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There was a time not long ago that a business having a web site was only for big companies such as Walmart, Sam’s Club, and the like. Less than a decade later, most people are connected to a web site in some way; whether it be a home-based business, social media, or even web-based e-mail.
Hospitals are no different. Years ago, it was rare for a hospital to have a web site, because the focus was about providing top notch care to patients. While that is still the priority of hospitals, the Internet age has taught hospitals that web sites go a long way toward providing patient education, risk management, staff education, and other valuable information.
The University of Arizona Cancer Center in Tucson recent received kudos for its web site in a study that will soon appear in the Journal of Healthcare Management. The study assessed U.S. hospital and health system web sites' performance based on accessibility, content, marketing reach, technology, design, and maintenance. The sites also were given an overall score. According to online reports, the mean overall score for the U.S. health systems included in the study was 6.37 on a 10-point scale, indicating that hospital and health system web sites have significant room for improvement.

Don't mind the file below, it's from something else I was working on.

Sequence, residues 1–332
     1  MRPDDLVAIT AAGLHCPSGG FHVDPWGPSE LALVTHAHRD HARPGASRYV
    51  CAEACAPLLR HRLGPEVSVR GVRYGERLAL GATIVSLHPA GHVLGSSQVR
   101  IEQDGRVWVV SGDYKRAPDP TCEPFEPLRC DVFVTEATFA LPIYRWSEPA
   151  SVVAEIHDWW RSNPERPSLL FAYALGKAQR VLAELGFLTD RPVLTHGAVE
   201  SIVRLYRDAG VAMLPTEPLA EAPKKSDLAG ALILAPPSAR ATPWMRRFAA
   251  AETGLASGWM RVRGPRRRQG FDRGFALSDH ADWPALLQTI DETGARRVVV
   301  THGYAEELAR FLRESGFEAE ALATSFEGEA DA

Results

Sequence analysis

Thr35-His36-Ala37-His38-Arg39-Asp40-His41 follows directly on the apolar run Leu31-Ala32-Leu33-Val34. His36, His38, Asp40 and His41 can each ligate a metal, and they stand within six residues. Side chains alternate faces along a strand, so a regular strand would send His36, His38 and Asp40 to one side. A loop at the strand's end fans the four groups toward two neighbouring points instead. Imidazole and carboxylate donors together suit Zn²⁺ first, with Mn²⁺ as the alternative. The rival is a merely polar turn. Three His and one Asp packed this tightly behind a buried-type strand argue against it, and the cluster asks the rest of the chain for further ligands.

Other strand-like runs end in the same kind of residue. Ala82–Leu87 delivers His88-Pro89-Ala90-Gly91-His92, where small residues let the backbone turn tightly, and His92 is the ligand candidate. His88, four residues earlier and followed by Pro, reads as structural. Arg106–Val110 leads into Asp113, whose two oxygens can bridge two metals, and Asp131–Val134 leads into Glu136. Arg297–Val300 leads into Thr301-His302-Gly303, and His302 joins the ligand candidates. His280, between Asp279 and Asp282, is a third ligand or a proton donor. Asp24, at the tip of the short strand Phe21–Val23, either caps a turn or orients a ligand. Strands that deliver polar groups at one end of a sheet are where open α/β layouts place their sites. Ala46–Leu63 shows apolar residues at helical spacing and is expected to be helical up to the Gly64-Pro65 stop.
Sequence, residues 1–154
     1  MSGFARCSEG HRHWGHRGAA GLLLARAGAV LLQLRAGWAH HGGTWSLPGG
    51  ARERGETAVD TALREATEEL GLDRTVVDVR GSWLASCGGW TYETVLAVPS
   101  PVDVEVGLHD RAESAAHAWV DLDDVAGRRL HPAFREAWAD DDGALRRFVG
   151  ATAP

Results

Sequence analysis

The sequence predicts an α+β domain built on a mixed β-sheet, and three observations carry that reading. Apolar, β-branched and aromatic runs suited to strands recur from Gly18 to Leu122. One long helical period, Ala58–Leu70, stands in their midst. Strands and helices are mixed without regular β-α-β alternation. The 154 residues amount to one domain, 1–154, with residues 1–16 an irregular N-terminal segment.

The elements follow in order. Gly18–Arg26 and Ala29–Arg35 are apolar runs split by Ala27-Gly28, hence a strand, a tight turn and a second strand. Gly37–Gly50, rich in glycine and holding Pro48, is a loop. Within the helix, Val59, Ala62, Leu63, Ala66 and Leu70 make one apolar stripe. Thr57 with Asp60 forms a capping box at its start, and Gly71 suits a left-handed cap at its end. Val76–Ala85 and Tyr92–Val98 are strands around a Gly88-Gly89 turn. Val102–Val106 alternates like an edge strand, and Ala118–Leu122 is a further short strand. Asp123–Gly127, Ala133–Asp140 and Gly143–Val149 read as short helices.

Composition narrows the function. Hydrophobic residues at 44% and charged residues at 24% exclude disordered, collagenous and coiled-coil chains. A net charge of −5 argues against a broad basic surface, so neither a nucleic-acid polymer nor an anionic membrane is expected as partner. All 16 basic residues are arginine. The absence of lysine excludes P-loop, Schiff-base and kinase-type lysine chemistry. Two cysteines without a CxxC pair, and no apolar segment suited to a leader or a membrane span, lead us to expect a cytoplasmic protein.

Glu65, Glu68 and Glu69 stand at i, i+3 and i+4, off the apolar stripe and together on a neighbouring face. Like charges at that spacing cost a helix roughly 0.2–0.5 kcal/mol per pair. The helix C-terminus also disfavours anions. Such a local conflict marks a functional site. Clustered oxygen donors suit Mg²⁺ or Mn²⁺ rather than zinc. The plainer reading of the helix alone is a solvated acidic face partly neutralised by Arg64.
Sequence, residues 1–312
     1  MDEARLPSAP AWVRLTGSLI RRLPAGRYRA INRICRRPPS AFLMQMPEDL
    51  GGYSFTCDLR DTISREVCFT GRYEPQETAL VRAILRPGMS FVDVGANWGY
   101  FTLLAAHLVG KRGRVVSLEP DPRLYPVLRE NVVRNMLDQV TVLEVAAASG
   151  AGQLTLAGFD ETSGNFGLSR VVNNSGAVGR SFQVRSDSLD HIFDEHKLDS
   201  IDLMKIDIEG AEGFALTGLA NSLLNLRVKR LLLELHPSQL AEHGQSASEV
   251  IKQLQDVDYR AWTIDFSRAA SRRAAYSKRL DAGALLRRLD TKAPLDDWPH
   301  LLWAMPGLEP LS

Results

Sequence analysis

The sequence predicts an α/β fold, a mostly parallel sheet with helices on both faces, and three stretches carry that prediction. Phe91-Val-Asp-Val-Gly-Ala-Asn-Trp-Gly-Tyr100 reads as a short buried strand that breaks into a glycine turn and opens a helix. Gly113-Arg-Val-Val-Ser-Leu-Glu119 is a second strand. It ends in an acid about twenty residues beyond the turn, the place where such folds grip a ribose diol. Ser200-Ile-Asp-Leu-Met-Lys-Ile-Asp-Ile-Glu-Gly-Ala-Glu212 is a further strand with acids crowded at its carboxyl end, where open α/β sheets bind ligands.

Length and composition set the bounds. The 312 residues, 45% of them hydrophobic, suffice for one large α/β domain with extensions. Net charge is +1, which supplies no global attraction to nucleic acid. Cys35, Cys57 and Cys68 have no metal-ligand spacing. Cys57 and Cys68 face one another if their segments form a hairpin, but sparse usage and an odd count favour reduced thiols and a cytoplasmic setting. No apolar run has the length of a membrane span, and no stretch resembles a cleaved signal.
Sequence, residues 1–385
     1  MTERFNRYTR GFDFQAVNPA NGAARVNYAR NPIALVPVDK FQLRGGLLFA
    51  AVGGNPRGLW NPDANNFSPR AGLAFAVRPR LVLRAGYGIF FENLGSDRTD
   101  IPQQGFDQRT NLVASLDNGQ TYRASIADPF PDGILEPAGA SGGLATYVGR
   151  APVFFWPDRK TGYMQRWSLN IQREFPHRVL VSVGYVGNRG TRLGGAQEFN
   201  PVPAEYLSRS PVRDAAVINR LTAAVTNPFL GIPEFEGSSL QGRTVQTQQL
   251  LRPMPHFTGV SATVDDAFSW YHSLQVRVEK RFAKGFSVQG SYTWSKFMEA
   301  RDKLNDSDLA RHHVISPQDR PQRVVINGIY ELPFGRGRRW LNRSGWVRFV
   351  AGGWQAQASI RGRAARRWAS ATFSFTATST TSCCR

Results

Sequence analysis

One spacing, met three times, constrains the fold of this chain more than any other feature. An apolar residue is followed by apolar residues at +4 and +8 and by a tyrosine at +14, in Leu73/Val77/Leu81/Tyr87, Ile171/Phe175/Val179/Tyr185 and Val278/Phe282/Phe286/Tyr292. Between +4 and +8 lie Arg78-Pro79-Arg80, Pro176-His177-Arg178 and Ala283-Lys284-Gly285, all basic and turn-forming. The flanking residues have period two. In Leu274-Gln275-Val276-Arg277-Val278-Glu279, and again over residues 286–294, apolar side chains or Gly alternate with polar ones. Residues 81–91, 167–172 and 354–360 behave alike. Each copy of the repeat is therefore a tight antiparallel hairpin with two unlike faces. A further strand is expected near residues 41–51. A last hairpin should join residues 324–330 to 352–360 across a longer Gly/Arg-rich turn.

Those hospital administrators who oversee their IT departments should be interested to know that more than 80% of adults reported using the Internet as a resource for healthcare quality information. As a result, consumers are becoming increasingly health literate and are able to understand health analytics comparing provider performance. The more technologically advanced are even known to use the Internet to evaluate facilities. Make sure your web site is projecting the image and information that you want to present to the world. You never know who might be watching.